In Kiribati, the entire nation faces real danger—our own survival is at stake as a people, as a unique and vibrant culture and as a sovereign nation.
According to a report published by the World Bank in 2000, "the Pacific Islands are becoming increasingly vulnerable to extreme weather events as growing urbanization and squatter settlements, degradation of coastal ecosystems, and rapidly developing infrastructure on coastal areas intensify the islands’ natural exposure to climate events. Among the most substantial impacts of climate change would be losses of coastal infrastructure and land resulting from inundation, storm surge, and shoreline erosion. Climate change could also cause more intense cyclones and droughts, the failure of subsistence crops and coastal fisheries, losses in coral reefs, and the spread of malaria and dengue fever."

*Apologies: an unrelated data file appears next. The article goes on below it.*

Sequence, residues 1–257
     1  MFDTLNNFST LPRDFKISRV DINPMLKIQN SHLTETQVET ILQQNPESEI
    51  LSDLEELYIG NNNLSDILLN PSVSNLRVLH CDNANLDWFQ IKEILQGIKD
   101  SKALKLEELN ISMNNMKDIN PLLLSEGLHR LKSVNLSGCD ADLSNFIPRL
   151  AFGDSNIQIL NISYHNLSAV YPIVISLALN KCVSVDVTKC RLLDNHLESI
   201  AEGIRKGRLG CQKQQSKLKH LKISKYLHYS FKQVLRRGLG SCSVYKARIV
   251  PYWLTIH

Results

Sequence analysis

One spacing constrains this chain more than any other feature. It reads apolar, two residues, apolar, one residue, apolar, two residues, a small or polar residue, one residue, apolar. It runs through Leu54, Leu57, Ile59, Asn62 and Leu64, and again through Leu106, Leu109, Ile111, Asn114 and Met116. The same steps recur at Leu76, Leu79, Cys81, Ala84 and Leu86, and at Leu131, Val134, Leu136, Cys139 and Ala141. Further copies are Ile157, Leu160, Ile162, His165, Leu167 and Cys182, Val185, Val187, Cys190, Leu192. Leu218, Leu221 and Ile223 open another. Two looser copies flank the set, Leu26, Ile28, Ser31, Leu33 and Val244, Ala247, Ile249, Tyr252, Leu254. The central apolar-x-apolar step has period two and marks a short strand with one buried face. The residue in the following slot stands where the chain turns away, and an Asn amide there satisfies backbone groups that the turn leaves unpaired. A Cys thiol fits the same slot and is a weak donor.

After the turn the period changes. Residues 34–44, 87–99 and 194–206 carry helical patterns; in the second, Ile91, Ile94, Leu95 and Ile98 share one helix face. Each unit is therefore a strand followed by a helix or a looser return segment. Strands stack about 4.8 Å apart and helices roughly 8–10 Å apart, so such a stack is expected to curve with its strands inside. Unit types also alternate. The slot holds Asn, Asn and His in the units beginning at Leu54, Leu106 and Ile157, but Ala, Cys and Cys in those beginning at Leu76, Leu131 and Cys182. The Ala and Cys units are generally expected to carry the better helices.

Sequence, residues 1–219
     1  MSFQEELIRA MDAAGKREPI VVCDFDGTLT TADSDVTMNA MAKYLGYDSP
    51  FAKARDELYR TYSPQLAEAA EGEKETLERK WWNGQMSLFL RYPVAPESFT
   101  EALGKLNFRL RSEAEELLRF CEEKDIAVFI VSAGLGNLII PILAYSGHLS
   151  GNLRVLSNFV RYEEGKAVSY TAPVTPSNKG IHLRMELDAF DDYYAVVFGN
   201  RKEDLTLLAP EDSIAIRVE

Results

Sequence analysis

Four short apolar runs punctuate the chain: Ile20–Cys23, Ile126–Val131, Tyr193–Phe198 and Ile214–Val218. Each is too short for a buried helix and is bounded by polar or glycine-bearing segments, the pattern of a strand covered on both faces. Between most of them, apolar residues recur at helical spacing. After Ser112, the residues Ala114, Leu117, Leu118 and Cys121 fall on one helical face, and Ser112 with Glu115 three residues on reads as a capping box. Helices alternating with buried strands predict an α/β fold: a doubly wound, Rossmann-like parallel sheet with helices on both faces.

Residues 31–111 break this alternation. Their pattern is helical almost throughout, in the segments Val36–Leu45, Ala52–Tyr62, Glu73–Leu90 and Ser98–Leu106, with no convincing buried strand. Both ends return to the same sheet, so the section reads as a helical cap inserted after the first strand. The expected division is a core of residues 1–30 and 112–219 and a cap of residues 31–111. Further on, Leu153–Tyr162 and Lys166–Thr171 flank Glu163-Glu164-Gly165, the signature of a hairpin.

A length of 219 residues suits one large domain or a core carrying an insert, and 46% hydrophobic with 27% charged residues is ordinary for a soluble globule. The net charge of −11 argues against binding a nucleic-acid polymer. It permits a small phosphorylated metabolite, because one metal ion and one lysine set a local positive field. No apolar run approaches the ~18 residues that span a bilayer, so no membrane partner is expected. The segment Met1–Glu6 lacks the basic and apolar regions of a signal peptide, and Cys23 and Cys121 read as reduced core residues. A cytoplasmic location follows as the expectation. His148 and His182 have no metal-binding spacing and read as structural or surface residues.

There is a tendency in much of the world to view climate change as a slow and gradual process where the harmful effects will be able to prevented before they occur. What is happening in Kiribati is evidence to the contrary. Kiribati is "like the canary in the coal mine in terms of the dramatic impact of climate change on a whole civilization of people,” says Harvard University biological oceanographer James J. McCarthy. “They didn't cause the problem, but they are among the first to feel it."